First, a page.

The critical care nurse's perception of handover: A phenomenographic study2020In: Intensive & Critical Care Nursing, ISSN 0964-3397, E-ISSN 1532-4036, article id 102807Article in journal (Refereed)
    Abstract [en]

    OBJECTIVE: To describe variations in critical care nurses' perceptions of handover.

    RESEARCH METHODOLOGY: Phenomenographic design using individual interviews for data-collection.

    SETTING: The critical care nurses participating in the study were recruited from critical care units in three hospitals in Sweden.

    FINDINGS: Five descriptive categories were identified: Communication between staff, Opportunity for learning, Patient-centred information gathering as a basis for continuous care, Responsibility for transfers, and Patient safety and quality of care.

    CONCLUSION: Nursing handover is a complex phenomenon, which is understood in various ways. Handover is mediated through communication and marks a shift in responsibility. Handover seems to be related to patient safety and quality of care. There is potential for improvement in the quality of nursing handover in clinical praxis, but further research is needed to determine ways of improving quality of handover.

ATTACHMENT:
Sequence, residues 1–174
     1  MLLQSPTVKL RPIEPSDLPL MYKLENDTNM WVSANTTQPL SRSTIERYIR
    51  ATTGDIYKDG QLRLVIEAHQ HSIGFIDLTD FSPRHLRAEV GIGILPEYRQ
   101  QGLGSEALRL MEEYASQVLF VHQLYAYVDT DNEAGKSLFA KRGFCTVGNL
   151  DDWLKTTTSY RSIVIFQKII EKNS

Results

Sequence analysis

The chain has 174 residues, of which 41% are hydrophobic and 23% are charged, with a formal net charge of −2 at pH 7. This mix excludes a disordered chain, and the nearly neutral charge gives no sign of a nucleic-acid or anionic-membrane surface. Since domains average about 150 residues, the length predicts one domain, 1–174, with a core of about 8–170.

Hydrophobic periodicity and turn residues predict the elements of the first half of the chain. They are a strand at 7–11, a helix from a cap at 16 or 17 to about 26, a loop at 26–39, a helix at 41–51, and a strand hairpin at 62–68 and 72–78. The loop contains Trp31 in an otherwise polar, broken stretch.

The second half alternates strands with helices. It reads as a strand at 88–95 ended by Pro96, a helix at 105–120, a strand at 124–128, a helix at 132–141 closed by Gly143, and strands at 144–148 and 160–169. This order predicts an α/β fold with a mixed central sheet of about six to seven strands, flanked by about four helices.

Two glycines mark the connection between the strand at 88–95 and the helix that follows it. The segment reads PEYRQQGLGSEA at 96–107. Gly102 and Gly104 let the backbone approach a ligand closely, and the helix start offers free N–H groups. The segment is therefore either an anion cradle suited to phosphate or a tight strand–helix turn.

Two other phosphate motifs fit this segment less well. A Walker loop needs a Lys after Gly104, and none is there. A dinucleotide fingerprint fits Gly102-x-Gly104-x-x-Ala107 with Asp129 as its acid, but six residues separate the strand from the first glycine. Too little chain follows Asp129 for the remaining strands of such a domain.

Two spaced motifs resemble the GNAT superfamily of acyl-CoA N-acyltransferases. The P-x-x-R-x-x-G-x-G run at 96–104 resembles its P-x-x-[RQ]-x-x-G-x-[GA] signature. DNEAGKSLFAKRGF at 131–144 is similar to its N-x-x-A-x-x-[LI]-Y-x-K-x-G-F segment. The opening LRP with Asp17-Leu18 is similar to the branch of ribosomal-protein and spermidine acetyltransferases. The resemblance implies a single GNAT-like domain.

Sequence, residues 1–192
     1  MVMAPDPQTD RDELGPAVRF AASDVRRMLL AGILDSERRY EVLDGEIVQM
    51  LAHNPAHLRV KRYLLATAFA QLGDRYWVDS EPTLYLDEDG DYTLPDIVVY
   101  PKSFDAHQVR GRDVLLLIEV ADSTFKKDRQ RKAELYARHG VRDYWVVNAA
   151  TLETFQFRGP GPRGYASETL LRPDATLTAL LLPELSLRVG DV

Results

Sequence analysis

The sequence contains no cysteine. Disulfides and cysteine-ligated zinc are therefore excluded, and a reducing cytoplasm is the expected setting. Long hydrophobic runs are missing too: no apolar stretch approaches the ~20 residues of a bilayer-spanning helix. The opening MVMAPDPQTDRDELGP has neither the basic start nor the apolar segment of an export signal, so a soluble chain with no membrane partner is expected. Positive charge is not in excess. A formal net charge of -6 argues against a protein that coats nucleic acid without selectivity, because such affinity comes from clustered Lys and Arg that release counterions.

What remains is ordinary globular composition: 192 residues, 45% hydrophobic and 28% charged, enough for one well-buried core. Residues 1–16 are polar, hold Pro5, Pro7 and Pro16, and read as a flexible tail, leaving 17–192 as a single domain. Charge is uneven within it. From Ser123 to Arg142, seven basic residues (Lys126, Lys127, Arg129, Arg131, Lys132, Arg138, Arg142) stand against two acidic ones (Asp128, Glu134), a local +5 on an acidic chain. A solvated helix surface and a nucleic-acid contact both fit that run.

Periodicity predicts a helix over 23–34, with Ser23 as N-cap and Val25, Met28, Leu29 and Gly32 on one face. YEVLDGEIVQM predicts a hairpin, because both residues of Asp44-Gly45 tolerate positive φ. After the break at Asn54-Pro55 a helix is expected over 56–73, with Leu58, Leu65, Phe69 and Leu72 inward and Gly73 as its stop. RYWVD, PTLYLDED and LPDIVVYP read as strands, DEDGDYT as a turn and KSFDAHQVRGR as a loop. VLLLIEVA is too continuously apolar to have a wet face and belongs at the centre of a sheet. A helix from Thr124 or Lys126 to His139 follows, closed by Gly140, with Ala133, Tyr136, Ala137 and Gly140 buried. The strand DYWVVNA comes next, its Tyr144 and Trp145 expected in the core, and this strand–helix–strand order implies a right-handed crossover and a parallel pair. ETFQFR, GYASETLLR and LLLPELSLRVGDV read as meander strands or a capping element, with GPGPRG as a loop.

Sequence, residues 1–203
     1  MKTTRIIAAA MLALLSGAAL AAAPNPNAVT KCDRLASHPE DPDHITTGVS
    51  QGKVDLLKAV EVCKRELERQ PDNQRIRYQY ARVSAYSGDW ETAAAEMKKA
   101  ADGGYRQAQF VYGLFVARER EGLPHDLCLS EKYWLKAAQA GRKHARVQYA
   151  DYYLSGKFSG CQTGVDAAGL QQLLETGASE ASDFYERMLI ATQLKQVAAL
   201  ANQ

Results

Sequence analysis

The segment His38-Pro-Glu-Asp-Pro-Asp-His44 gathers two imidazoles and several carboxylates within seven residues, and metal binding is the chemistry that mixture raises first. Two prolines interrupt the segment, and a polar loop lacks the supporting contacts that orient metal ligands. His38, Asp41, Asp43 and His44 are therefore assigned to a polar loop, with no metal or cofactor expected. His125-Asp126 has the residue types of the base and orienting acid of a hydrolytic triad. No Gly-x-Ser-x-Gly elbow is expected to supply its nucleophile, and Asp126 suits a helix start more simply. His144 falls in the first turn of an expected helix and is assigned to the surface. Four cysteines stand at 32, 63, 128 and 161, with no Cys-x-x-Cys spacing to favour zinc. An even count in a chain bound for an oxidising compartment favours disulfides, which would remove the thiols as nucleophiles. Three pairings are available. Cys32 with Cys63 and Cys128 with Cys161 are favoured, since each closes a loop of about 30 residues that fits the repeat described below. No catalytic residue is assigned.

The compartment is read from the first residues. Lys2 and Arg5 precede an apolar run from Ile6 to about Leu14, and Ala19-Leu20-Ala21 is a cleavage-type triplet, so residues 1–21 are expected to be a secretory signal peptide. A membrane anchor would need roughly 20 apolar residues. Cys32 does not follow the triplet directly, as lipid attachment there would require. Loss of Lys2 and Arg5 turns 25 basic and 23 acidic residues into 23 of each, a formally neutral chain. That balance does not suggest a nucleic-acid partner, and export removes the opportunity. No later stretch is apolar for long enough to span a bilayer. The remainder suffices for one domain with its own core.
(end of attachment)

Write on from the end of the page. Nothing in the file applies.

• 4.
    Löf, Lennart
    et al.
    Örebro University, School of Health and Medical Sciences.
    Berggren, Lars
    Örebro University, School of Health and Medical Sciences.
    Ahlström, Gerd
    ICU patients' recall of emotional reactions in the trajectory from falling critically ill to hospital discharge: follow-ups after 3 and 12 months2008In: Intensive & Critical Care Nursing, ISSN 0964-3397, E-ISSN 1532-4036, Vol. 24, no 2, p. 108-121Article in journal (Refereed)
    Abstract [en]